City Club.
Sleeping rooms (20); restaurant, 7 A.M. to 8 P.M. Ladies admitted.

.Business Men's Club.

Arctic Club, 308 Cherry Street.
Sleeping rooms (47); restaurant. Ladies admitted.
St. John's, N. F..

.City Club, Water Street.
St. Louis. Mo..

.City Club, 911 Locust Street.
Restaurant, 12 M. to 2.30 P.M. Ladies on Saturdays.

Commercial Club, 1634 Eye Street Northwest. Sleeping rooms, (20); restaurant, 7.30 A.m. to 9 P.M. Ladies admitted Mondays and Thursdays, 12 m. to 9 P.M.

Members should consult this list in its latest form, as changes are constantly being made. This list will be published each month in the Bulletin.

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GEORGE S. Smith, President
JOHN WHITE, JR., First Vice-President
Max E. WYZANSKI, Second Vice-President
A. B. BEECHING, Treasurer

LLOYD B. Hayes, Civic Secretary
Board of Governors

Entertainment Committee Art and Library Committee John L. Bates *George L. Walker

*Charles B. Breed
A. B. Beeching
March G. Bennett

J B. Babcock
James S. Blake
Charles L. Burrill

Frank C. Brown
Charles B. Breed
John Cutler

James M. Barker
Charles L. Burrill
Franklin W. Ganse

Vesper L. George
William C. Crawford
James C. Higgins

Edward T. Hartman
George H. Ellis
Fred E. Mann

Seth K. Humphrey
John H. Fahey
Jacob R. Morse

Joseph Michelman
W. Cameron Forbes
George W. McNear

W. J. Phelan
Edward J. Frost

Francis P. O'Connor Spencer J. Steinmetz Henry I. Harriman

Alfred R. Shrigley Frederick Homer

Addison L. Winship

House Committee Harry S. Kelsey

*William E. Skillings Robert Luce

Frederick Homer
Bowling Committee
Charles J. Martell

Harry S. Kelsey
Clarence W. McGuire
*A. K. Williams

Franklin T. Kurt
Walter H. Collins
James A. McKibben

Clarence C. Minard
Wm. P. Greenlaw
William B. Munro
F. Nathaniel Perkins

E. A. Wiessner

Finance Committee
Winfield S. Quinby
Louis V. Gosselin

*Charles H. Thurber William E. Skillings

Joseph H. O'Neil
Games Committee
George S. Smith

Bernard J. Rothwell Frank V. Thompson (Chess, Checkers, Dominoes)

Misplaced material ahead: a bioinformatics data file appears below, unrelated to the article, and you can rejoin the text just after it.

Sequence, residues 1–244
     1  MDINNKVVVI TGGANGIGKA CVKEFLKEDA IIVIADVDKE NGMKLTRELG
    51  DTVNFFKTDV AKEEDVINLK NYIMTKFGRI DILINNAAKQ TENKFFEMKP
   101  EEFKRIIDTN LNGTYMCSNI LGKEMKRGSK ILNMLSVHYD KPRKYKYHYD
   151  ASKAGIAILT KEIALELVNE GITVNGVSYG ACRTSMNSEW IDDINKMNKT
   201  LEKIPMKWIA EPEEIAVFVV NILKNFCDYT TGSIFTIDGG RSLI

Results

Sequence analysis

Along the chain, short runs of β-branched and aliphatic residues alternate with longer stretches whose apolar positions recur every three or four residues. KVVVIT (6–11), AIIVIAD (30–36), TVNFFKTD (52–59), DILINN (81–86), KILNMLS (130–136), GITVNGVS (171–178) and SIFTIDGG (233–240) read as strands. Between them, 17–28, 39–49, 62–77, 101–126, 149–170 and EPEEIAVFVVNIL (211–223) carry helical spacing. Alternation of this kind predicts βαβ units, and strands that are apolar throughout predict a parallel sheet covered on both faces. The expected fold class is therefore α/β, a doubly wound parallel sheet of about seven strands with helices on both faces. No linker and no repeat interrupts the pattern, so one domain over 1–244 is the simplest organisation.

Robert S. Weeks
Charles H. Thurber
*H. L. Palmer

Bulletin Committee
AbrahamC. Webber
William F. Jarvis

*George H. Ellis
George L. Walker
C. T. McCotter

Charles R. Holman
John White, Jr.
True W. White

Patrick F. O'Keefe
Max E. Wyzanski
Elmer Case

Edward F. McSweeney

Worcester Putnam Executive Committee

Billiard and Pool Committee *John White, Jr. *H. A. Chase

Hospitality Committee William C. Crawford Charles H. Simons

*Wm. T. A. Fitzgerald Edward J. Frost Arthur Crossley

Augustus T. Beatey
F. Nathaniel Perkins
C. B. Barker

Harry Bergson
William B. Munro
S. F. Du Moulin

J. J. Dowling
Max E. Wyzanski

Thomas J. Feeney

J. Mitchel Galvin Membership Committee Forum Committee

Walter A. Hawkins *Frank V. Thompson Clarence P. Johnson *Charles Kroll Fred H. Butts

Daniel J. Kiley
March G. Bennett
William T. Dowling

John F. Malley
G. Waldo Crawley
Frank Leveroni

Charles H. Simons
A. J. Crockett
John J. Morgan

Carroll J. Swan
Louis E. Cadieux
Claude A. Palmer

Bertram G. Waters
George W. Coleman
Myron E. Pierce

Arthur J. Wellington Charles M. Cox

Benj. F. Strand, Jr. Arthur E. Gates

James J. Sullivan Auditing Committee Victor J. Loring Robert M. Tenney

*Winfield S. Quinby Moses S. Lourie Edward C. Wade

Austin C. Benton John J. Walsh

Abraham C. Webber Solomon Lewenberg
Nominating Committee

*Samuel F. Hubbard
March G. Bennett

Henry Penn
Carroll W. Doten

James M. Swift
Samuel T. Harris

Herbert S. Weaver




"This Chub is founded in the spirit of good fellowship and every mem,
ber of the Club knows every other member without an introductiori.

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The first time a combination of this character has appeared at the City Club. These popular instruments will appear in pleasing groups, played by able soloists. Miss Jordan is solo Autist of the McDowell Club Orchestra, Miss Kilmer was a pupil of Holy, harpist of the Symphony Orchestra, and Mr. Smalley was formerly a member of the Symphony Orchestra. Miss Sheer is a coloratura soprano of exceptional ability, and Mr. Boynton is known widely as a tenor soloist, having appeared as soloist with many of the leading musical societies of New England.

Auditorium, eight o'clock